SOFIA, Bulgaria — Bulgaria's president on Thursday called for a new political culture that would prevent citizens being "robbed" and "lied to" as he named an election date of May 12 to try to stem a surge of popular discontent.
Prime Minister Boiko Borisov quit last week after nationwide protests against high electricity prices — the final straw to many citizens in the European Union's (EU's) poorest country, who have begun to despair of any improvement in living standards or governance.
While Bulgaria has avoided the debt or deficit problems of many of its peers, maintaining a currency peg to the euro, economic growth is sluggish and unemployment has risen to almost 12 percent.
Demonstrations by tens of thousands of Bulgarians have already forced some concessions including a promise that electricity firms will be forced to cut prices by 8 percent. Whoever wins the election will be under considerable pressure to spend in order to raise a standard of living that is less than half the EU average.
"Our compatriots make it clear they want simple things — they want decent politicians, they don't want to be robbed, they do not want to be lied to and they want to live good lives," President Rosen Plevneliev told parliament.
He said an interim government, which will probably be appointed next week, would aim for stability by sticking to the 2013 budget, which foresees a deficit of 1.3 percent of GDP, and implementing previous commitments such as a 9 percent increase in pensions from April.
The president said he wanted the next parliament to focus on passing strong laws against monopolies — one of the protesters' demands — and full liberalization of the electricity market, to give consumers greater choice.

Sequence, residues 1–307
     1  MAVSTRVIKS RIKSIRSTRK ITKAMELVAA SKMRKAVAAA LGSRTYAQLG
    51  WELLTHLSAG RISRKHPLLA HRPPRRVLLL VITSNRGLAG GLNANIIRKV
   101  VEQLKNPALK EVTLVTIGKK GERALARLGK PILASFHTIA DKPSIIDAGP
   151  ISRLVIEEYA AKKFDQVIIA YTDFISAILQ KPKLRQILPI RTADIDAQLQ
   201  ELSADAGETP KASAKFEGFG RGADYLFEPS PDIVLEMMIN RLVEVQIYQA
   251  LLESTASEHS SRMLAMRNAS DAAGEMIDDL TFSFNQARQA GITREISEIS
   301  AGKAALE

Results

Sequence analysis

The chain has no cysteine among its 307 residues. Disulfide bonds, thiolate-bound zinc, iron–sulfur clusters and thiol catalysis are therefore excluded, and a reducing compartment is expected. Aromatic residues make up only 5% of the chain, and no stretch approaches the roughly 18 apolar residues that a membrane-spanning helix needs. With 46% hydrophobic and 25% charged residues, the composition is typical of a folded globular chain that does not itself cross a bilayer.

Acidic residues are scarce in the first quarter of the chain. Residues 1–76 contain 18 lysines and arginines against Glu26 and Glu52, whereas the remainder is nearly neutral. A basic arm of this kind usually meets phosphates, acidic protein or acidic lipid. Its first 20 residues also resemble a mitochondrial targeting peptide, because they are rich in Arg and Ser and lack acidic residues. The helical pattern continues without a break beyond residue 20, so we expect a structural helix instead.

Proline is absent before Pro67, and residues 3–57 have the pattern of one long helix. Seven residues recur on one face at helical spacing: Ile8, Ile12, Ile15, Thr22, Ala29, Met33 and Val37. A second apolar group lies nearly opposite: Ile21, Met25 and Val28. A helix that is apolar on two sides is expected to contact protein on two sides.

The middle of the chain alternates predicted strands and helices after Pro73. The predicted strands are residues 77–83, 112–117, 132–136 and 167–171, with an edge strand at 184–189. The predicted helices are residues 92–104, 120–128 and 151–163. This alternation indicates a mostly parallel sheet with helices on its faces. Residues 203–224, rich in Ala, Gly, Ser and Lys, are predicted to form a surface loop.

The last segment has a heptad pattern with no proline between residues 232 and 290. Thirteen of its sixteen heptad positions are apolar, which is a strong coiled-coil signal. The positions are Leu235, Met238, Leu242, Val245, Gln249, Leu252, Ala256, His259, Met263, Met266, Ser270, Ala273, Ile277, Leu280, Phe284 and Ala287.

He also urged political parties to include more ordinary citizens in their electoral lists.
Six years after joining the EU, Bulgaria trails far behind other members. It is struggling to use EU money to overhaul outdated infrastructure, or to tackle rampant corruption and rampant organized crime.
Many protesters have criticized Bulgaria's whole political class, which they say acts in its own interests and does not help ordinary people.
The average wage is just 400 euros a month and pension less than half that, so electricity prices — although among the EU's lowest — bite particularly deep, particularly in winter when many people use it to heat their homes. Some Bulgarians heat only one room of their apartments and live in that throughout the winter, when temperatures can fall to -15 Celsius (5 F).
Demonstrators have attacked energy company offices and three people have set themselves on fire.
Borisov's outgoing government did not make clear how the promised cut in electricity prices would be paid for, but it has alarmed investors by saying it would revoke the distribution license of the Czech utility CEZ.
CEZ and the other two distributors, Austria's EVN and the Czech firm Energo-Pro, say they have done nothing wrong.
Support for Borisov's rightist GERB party has fallen over the last year, and it is now neck-and-neck with the opposition Socialists (BSP). However, polls suggest neither has enough support for an overall majority, and whichever wins will have to try to assemble a coalition to form a working government.
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